US President Joe Biden announced on Monday that al-Zawahiri, who took over the reins of al-Qaida, after the killing of Osama bin Laden 11 years ago, was killed in an American drone strike carried out Saturday evening (New York time) at a house in Kabul.
The 30th report of the Analytical Support and Sanctions Monitoring Team submitted pursuant to resolution 2610 (2021) concerning ISIL (Da’esh), al-Qaida and associated individuals and entities, released last month had said that the terror group’s leadership reportedly plays an advisory role with the Taliban, and the groups remain close.
It said al-Zawahiri had increased outreach to al-Qaida supporters with a number of video and audio messages, “including his own statement promising that al-Qaida was equipped to compete with ISIL, in a bid to be recognised again as the leader of a global movement.”
The 13th report of the Analytical Support and Sanctions Monitoring Team submitted pursuant to resolution 2611 (2021) concerning the Taliban and other associated individuals and entities constituting a threat to the peace stability and security of Afghanistan, released in May had noted that the core al-Qaida leadership under al-Zawahiri is reported to remain in Afghanistan, more specifically, the eastern region from Zabul Province north towards Kunar and along the border with Pakistan.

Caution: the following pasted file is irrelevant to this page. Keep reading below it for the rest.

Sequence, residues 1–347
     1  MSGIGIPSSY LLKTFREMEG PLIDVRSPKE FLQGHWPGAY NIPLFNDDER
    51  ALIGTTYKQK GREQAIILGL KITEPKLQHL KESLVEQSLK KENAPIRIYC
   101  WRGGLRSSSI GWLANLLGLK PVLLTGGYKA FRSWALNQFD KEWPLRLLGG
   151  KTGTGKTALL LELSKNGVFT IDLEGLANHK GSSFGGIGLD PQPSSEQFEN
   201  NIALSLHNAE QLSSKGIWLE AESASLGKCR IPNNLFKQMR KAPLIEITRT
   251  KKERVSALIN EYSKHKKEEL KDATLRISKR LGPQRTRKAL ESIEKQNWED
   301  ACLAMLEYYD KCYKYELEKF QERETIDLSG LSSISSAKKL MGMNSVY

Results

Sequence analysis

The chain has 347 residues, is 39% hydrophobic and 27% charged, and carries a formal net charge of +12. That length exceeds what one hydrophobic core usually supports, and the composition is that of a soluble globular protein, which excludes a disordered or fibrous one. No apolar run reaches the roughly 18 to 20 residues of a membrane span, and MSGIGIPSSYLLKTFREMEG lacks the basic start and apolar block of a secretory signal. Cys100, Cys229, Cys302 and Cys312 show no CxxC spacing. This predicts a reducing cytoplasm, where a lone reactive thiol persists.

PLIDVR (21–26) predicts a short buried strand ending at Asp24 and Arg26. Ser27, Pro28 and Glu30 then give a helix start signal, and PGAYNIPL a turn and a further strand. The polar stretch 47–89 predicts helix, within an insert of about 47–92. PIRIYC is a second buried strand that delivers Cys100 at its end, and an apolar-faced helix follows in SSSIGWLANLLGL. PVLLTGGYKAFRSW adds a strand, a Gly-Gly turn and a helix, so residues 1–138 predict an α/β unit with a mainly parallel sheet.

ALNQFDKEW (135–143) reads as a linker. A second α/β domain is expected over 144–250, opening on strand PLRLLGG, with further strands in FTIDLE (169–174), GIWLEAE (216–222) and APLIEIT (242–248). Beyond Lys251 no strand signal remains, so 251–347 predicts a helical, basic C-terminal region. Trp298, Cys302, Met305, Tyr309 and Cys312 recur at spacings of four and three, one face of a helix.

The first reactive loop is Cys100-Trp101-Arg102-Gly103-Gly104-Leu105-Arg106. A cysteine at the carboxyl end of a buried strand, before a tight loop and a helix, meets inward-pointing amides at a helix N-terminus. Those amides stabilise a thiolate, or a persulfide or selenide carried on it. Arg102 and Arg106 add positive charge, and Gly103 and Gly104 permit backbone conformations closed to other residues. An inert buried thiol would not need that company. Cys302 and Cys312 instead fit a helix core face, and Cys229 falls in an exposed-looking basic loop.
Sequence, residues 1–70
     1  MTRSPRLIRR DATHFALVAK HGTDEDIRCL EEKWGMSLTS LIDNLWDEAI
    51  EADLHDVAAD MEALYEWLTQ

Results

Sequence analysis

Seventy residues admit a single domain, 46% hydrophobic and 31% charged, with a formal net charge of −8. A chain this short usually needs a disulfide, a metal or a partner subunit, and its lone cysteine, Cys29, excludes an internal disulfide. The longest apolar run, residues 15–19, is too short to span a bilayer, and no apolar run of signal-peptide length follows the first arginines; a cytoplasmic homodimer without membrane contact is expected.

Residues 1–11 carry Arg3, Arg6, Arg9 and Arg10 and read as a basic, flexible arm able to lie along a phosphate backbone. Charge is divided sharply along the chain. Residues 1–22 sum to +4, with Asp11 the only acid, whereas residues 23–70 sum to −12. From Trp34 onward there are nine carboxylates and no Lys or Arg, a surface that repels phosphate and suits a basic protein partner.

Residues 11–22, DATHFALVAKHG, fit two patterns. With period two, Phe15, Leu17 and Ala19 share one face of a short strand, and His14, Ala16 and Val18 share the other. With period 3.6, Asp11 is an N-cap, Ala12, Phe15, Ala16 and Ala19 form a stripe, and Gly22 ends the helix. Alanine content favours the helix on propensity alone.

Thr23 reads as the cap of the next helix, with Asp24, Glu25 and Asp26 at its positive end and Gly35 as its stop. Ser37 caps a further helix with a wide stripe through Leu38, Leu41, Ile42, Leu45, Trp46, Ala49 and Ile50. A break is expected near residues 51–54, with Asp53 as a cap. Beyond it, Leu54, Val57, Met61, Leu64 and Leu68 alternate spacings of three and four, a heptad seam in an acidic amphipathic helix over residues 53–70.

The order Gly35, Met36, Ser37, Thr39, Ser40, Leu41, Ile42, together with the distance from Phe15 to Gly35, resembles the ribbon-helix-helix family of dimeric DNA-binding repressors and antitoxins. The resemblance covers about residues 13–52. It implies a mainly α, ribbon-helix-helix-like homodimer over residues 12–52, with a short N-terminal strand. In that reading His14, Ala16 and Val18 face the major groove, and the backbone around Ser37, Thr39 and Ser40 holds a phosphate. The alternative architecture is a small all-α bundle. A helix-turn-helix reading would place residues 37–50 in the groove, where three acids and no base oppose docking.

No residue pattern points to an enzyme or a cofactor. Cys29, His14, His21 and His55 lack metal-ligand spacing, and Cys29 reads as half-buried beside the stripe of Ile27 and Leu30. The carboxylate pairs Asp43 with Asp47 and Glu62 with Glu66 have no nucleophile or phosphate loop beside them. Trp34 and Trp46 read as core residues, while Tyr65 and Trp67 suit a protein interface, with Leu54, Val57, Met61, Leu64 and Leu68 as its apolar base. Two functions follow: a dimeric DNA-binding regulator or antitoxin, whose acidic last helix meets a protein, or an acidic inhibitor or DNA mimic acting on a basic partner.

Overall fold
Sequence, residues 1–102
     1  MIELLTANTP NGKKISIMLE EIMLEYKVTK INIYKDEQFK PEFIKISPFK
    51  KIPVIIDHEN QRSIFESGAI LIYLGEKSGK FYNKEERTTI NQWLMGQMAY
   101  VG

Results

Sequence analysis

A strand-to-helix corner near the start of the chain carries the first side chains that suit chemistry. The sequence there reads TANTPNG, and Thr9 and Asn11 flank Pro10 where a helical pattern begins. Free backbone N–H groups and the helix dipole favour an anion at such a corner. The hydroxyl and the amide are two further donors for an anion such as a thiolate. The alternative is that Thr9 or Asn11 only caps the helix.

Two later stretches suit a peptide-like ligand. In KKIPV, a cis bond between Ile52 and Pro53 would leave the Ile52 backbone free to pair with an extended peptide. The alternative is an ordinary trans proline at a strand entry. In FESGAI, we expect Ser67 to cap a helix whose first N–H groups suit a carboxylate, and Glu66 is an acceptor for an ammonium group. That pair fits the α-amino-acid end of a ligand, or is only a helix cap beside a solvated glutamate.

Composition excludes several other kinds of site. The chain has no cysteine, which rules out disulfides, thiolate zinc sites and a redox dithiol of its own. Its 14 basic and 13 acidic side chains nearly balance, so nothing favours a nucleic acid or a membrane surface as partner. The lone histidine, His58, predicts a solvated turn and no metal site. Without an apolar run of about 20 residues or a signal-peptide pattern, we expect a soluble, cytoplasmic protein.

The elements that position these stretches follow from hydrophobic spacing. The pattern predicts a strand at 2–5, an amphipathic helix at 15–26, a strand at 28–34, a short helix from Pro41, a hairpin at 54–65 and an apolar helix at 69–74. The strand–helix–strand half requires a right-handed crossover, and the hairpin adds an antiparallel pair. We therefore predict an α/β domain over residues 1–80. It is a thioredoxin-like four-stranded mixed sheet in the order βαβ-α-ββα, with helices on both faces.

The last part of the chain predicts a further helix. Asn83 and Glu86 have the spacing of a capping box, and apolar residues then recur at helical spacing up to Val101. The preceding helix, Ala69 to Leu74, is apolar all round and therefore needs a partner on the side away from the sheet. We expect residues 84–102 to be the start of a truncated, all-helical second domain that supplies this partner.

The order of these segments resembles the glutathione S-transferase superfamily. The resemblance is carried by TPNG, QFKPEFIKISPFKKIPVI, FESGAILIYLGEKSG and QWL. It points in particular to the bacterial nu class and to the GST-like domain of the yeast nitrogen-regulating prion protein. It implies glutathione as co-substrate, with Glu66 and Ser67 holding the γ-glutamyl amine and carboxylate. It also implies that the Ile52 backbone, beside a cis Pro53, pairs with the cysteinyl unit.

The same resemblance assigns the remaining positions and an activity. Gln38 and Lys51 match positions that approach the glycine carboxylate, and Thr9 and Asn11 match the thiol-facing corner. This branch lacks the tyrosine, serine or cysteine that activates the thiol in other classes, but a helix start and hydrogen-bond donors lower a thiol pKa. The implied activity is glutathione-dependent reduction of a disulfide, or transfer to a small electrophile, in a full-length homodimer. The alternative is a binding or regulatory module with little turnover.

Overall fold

It said since August 2021, al-Zawahiri had appeared in eight videos.
Alluding to the hijab row in India, the report had said that in the most recent such video of al-Zawahiri, released on April 5, by al-Qaida’s As-Sahab Media Foundation, al-Zawahiri “references the defiance of an Indian Muslim female in front of men protesting the hijab, an event that went viral in early February 2022.”
“The video provided the first conclusive current proof of life for al-Zawahiri in recent years. The pace of recent communications suggests that he may be able to lead more effectively than was possible before the Taliban takeover of Afghanistan,” it said.
The ‘Twelfth report of the Analytical Support and Sanctions Monitoring Team submitted pursuant to resolution 2557 (2020) concerning the Taliban and other associated individuals and entities constituting a threat to the peace, stability and security of Afghanistan’, released last year in June had said that “a significant part of the al-Qaida leadership resided in the Afghanistan and Pakistan border region, including the group’s leader al-Zawahiri, who is probably alive but too frail to be featured in propaganda.”
The report had said that the al-Qaida leader “is believed to be located somewhere in the border region of Afghanistan and Pakistan. Previous reports of his death due to ill health have not been confirmed. One Member State reports that he is probably alive but too frail to be featured in propaganda.”